Luas strike disrupts Easter Monday travel plans

Tram staff plan further stoppages for next weekend in dispute over pay and conditions

Thousands of people in Dublin will again have their travel plans disrupted today due to further strike action by staff operating the Luas light rail system.

Further stoppages are also scheduled to take place next weekend as well as on two other days in late April as part of an ongoing dispute over pay and conditions.

Drivers and revenue protection grades working on the Luas system, who are members of Siptu, last week overwhelmingly rejected a deal brokered at the Workplace Relations Commission (WRC).

Transdev, the company that operates the Luas system, said last week it was very disappointed at the vote by staff.


It said it would take stock of its position over the Easter weekend and would provide a considered response in the days ahead.

‘Not acceptable’

Minister for Transport Paschal Donohoe said at the weekend it was a real shame that an act of goodwill was not forthcoming from the drivers to allow the Luas operate for the 1916 centenary commemorations.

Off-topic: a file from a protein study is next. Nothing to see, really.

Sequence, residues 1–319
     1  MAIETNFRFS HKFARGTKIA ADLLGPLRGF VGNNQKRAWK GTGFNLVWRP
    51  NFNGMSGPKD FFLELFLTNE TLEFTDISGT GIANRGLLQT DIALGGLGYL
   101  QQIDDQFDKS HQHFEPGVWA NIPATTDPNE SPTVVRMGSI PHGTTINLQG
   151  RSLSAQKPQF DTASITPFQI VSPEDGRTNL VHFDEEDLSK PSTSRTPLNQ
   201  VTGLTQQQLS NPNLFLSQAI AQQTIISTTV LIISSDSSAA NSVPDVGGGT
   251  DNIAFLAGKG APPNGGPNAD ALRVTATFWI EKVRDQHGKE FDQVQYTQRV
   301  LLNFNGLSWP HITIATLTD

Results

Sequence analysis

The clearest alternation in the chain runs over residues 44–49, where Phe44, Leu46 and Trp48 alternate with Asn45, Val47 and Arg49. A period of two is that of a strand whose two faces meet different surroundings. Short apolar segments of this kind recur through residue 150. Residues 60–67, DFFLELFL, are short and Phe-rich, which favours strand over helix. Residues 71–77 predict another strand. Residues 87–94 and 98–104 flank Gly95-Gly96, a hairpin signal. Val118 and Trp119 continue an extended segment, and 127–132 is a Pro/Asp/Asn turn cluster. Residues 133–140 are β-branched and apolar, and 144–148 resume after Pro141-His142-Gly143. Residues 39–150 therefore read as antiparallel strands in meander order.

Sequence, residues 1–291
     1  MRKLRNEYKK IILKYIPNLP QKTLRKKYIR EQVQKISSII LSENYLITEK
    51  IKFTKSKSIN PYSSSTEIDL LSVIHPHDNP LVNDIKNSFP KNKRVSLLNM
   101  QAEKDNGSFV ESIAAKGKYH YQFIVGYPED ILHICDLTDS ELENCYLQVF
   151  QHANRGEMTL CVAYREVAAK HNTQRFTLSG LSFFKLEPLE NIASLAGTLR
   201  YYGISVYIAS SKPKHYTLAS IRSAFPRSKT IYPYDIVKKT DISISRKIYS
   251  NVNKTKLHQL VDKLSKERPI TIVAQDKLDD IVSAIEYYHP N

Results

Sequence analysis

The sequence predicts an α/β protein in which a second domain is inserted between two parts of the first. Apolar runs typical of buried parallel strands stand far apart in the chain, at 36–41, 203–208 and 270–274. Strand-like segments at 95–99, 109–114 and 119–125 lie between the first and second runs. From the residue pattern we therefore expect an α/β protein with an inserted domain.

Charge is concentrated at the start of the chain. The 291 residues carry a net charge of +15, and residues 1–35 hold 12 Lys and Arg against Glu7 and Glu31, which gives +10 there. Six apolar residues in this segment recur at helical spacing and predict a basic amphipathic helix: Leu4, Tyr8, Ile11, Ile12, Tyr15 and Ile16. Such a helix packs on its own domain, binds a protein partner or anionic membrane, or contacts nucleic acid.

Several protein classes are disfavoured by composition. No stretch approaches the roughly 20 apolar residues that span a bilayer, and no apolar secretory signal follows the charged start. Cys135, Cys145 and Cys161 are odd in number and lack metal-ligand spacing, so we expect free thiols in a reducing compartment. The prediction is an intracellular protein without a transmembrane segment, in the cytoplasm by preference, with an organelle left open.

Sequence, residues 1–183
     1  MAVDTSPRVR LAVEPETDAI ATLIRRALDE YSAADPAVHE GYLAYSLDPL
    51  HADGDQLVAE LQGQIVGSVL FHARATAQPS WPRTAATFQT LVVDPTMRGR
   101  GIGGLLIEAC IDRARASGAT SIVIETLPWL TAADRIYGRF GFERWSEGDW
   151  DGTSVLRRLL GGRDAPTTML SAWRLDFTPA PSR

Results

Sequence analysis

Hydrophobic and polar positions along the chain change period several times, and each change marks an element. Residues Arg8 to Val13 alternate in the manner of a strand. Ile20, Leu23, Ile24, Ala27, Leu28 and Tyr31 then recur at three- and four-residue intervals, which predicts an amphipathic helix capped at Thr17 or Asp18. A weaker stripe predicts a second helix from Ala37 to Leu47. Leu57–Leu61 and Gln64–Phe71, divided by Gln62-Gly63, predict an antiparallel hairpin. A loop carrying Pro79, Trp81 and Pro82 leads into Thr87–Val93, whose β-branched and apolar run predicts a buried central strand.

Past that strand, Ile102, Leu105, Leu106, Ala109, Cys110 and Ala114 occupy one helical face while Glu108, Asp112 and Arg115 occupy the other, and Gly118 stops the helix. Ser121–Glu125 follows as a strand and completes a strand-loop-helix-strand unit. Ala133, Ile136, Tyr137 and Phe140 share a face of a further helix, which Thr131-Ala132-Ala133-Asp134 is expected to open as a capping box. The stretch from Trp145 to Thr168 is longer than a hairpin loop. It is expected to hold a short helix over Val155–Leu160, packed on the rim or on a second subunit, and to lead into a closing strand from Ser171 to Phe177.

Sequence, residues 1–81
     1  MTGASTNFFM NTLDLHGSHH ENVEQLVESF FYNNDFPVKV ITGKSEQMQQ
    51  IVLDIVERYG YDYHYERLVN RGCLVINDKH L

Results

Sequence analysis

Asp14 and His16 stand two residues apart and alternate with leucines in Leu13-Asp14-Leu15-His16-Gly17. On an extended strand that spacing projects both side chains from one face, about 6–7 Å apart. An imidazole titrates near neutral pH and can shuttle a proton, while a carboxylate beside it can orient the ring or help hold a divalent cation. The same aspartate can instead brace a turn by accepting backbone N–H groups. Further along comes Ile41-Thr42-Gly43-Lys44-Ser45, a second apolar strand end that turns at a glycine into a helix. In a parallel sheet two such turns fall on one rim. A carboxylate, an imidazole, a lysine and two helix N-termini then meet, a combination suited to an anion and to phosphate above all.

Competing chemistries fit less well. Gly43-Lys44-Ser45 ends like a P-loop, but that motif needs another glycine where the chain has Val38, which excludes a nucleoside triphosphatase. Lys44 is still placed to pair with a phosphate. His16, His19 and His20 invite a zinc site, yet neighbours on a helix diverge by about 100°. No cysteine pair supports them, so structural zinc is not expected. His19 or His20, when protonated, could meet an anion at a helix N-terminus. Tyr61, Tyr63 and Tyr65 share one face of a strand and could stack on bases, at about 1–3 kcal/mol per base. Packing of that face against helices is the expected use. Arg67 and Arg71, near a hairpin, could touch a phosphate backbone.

He said the prospect of indefinite strikes was “not acceptable” and he would not take out the taxpayers’ cheque book to solve the pay dispute.

Asked if he was concerned Transdev would pull out of Ireland, Mr Donohoe said the company had made it clear it would not respond with "knee-jerk reactions".

Siptu president Jack O'Connor has said he remained willing to engage in talks but that Transdev had to improve its offer.

Proposals rejected by Luas staff

Drivers with more than four years of service would receive a 2 per cent increase on the date of the agreement this year, a further 2 per cent in January 2017, 3 per cent in January 2018 and 3 per cent in January 2019. In addition 90 drivers with over four years’ service at the top of the 10-point incremental scale on July 1, 2018, would receive two long-service increments six months apart -- the following July and January-- worth about 7.2 per cent. This would bring pay levels to €50,000 as of January 1, 2019.

The proposed new entrant rates were 10 per cent below existing rates for the first year and 5 percent below existing rates for the second, third and fourth years .

These new entrants - and existing Luas staff who were in their first four years of service - would receive 8 per cent in pay increases over the period. A 2 per cent rise would come into effect on the date of the agreement this year with three other increases of 2 per cent scheduled for January 2017, 2018 and 2019.

However in addition to the proposedlower entrants’ rates, drivers would also have to accept increased productivitymeasures including an extended shift duration to 9.5hours, full flexibility regarding breaks and revisedarrangements for accrued annual leave.

Martin Wall

Martin Wall

Martin Wall is Washington Correspondent of The Irish Times. He was previously industry correspondent